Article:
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Editorial March 24, 2011  RSS feed


With its involvement in the United Nations’ “humanitarian mission” to bombard Libyan dictator Muammar Gaddafi into abdication, the U.S. has proven the words of Spanish philosopher George Santayana: “Those who cannot remember the past are condemned to repeat it.”

It wasn’t so long ago that America was drawn into another “humanitarian” war. Between 1992 and 1994, the U.S.—under Presidents George H.W. Bush and Bill Clinton—sent 25,000 U.S. troops to Somalia for the effort known as “Operation Restore Hope” at the U.N.’s request.

Who can forget the sad doe-eyes of actress Audrey Hepburn in her role in UNICEF in 1992 as envoy to Somalia. She felt the pain of people dying of starvation because their leaders were stealing the food and feeding their troops as the citizens of Somalia starved during a gruesome civil war.

The publicity given the plight of the people in Somalia led to a U.N. humanitarian relief effort (UNOSOM), but its effort to deliver food and secure delivery routes into Somalia was futile due to the ongoing conflict. Our troops were sent there to restore some semblance of order and allow the humanitarian effort to succeed.

Things went from bad to worse quickly. Nobody could find rebel leader Mohammed Farah Aidid, and in an effort to locate him, Black Hawk helicopters with 99 U.S. elite troops searched the country; they were ultimately caught in a trap as soon as they were fast-roped down to the roof of a target building.

Eighteen elite fighters and pilots died and 77 other soldiers were wounded during the mission. Out of our intervention came another unforgettable site: dead soldiers being dragged through the streets of Mogadishu past a cheering mob.

In the end, not a single one of the enemy’s men was captured. By March 1994, the last American troop followed the U.N. contingent out of Somalia. It was later discovered that the hard-core fighters of the Aidid militia were not Somali, but members of Osama bin Laden’s al-Qaeda network, who were deployed in his Mogadishu bases.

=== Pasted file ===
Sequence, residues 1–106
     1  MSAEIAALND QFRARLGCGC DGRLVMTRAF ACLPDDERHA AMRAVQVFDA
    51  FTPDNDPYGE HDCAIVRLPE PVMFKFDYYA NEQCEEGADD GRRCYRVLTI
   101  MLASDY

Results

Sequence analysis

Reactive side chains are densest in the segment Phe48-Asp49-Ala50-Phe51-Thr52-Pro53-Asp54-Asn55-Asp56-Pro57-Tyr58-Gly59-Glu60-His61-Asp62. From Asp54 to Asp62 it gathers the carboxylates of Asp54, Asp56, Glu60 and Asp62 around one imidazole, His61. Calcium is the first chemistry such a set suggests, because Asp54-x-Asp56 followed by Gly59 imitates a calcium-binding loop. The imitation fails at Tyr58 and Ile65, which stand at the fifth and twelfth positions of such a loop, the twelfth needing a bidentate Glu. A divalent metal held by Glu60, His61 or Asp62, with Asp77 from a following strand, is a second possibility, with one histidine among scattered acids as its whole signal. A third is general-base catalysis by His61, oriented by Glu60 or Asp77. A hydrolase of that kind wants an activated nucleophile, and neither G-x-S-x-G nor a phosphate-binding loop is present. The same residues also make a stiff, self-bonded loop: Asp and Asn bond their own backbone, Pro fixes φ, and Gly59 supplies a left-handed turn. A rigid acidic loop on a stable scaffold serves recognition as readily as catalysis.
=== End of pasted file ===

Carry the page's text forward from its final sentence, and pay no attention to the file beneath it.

Fast forward to 2011 and here is America, once again on what is being labeled as a “humanitarian” mission with the U.N., this time in Libya. However, the goal seems to be to drop enough bombs on Gaddafi to force him to stop attacking rebels or get him to relinquish control, whichever comes first.

To show how bizarre this whole episode is, we need to point out that last May, Libya was actually elected by a majority of its fellow U.N. members to serve on its Human Rights Council. That’s right, Libya—a country with well-documented ties to terrorist groups and an abysmal human rights record—got a seat on the council supposedly designed to protect the inalienable rights of humankind.

Apparently, witnessing Gaddafi’s forces slaughtering those protesting his dictatorship brought the U.N. to the realization that he’s not such a nice guy after all. Now Gaddafi is being chased by forces largely comprised of the U.S., Great Britain and France.

America is still mired in Afghanistan and trying to close the book on the Iraq conflict; both wars have cost us thousands of troops and billions of dollars. On top of that, our country is mired in a recession that just won’t go away.

What exactly are we doing in Libya? Don’t we have enough problems on our hands?